New Version of Mirai Malware Targets Default Credentials

Security researchers warn that they have noticed a new variant of the Mirai malware over the past week. The malicious threat is currently targeting new sets of default credentials specific to ZyXEL devices.

The Mirai malware has been known for a year when it started ensnaring insecure Internet of Things (IoT) devices into a botnet capable of launching massive distributed denial-of-service (DDoS) attacks.

In October 2016, the source code of Mirai was made public and by the end of the same month, the threat has managed to infect system in 164 countries worldwide.

The Mirai malware scans the Internet for open ports associated with Telnet access on Internet-facing IoT products and tries to connect to the discovered devices using a set of default username/password combinations.

According to Akamai, Mirai is formed of smaller hives of related bots and command and control (C&C) servers, and parts of it can be used for different purposes. For that reason, the botnet can participate in numerous simultaneous attacks, each orchestrated from a different C&C, usually by a different operator, and can also be rented to hackers.

Since last week, Netlab has registered an increase in port 2323 and 23 scan traffic and “confidently” associated it with a new version of the Mirai malware. According to security experts, the new variant of the threat is specifically searching for insecure ZyXEL devices.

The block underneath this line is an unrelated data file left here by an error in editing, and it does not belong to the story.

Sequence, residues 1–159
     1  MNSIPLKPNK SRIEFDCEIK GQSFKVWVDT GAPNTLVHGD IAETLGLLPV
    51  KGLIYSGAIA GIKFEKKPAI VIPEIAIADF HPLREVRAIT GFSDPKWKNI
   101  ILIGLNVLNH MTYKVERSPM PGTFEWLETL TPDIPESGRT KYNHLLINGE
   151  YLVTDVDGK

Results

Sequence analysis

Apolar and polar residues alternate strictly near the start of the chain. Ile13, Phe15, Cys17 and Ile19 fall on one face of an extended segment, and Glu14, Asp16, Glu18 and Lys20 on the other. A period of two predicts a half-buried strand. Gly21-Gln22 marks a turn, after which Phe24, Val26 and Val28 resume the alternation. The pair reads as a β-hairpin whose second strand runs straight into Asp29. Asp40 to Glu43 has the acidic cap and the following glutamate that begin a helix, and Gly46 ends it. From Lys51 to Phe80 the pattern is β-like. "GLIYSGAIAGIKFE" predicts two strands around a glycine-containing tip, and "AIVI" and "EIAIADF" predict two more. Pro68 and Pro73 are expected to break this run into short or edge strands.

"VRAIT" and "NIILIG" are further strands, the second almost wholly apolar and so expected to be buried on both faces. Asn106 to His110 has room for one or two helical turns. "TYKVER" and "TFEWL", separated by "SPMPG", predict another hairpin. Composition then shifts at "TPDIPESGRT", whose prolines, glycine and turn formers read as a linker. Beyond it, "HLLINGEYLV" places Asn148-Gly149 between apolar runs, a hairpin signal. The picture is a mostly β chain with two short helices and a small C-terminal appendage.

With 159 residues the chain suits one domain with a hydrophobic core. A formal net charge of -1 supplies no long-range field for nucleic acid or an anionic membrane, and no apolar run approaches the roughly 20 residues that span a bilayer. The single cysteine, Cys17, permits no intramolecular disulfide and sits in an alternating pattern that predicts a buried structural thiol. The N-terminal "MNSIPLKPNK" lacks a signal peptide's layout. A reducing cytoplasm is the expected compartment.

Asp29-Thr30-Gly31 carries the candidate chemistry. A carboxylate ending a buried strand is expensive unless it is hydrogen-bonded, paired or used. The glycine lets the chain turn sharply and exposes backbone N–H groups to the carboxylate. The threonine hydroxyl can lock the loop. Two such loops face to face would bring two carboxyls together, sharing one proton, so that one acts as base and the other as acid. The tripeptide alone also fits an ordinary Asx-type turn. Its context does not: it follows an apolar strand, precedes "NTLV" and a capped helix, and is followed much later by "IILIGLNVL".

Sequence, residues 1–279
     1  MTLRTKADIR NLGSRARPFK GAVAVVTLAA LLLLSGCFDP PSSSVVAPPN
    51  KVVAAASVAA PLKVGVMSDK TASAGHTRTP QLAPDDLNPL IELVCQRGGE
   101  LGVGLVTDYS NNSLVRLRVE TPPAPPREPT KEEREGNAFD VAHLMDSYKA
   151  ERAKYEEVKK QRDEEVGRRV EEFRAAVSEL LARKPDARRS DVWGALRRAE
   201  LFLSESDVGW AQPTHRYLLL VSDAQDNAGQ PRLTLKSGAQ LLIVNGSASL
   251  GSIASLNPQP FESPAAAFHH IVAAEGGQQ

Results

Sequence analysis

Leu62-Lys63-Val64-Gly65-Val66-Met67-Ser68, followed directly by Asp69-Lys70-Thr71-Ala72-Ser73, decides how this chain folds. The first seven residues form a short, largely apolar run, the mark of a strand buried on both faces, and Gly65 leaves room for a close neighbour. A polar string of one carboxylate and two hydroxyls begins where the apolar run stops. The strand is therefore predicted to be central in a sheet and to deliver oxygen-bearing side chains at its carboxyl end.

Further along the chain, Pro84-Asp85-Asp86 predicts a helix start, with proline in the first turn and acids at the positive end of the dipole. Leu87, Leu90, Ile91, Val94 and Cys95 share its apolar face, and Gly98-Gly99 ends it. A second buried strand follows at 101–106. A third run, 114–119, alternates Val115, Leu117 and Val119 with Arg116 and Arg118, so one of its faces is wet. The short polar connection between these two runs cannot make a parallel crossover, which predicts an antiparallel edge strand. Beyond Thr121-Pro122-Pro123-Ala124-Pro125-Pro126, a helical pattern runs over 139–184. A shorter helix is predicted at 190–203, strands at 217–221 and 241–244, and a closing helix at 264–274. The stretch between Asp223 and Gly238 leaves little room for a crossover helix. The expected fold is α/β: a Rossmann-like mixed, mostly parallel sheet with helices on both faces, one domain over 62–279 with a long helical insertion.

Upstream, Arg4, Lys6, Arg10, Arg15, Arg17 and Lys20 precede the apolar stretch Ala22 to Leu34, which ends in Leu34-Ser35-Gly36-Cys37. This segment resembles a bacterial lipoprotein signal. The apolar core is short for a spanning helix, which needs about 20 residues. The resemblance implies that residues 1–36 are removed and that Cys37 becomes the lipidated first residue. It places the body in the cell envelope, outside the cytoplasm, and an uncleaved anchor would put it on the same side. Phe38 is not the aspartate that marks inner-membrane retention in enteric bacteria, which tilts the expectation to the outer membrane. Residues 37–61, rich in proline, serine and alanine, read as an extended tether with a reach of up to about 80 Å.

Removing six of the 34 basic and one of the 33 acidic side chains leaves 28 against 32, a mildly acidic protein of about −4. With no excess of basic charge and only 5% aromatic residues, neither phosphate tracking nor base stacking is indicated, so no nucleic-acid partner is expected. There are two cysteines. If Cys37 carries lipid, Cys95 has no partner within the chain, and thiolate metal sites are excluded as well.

The researchers also claim that the scanner was trying to exploit two new default login credentials – admin/CentryL1nk and admin/QwestM0dem, while the former was noticed less than a month ago in exploit-db, as part of an exploit targeting the ZyXEL PK5001Z modem.

According to the analysis of Netlab, the abuse of the two login credentials started on November 22 and reached its peak the next day, the same as the uptick on port 2323 and 23 scan traffic. Considering these facts, the security researchers decided that the two were related.

The experts also reported that most of the scanner IPs are located in Argentina as they have observed about 100,000 unique scanners from that country over a three-day period. Based on their observation, the researchers concluded that the attack might have been focused on specific types of IoT devices widely deployed in Argentina.

In 2016, about 1 million of the Deutsche Telekom’s fixed-line network customers experienced Internet disruptions, due to a similar attack by the Mirai malware.

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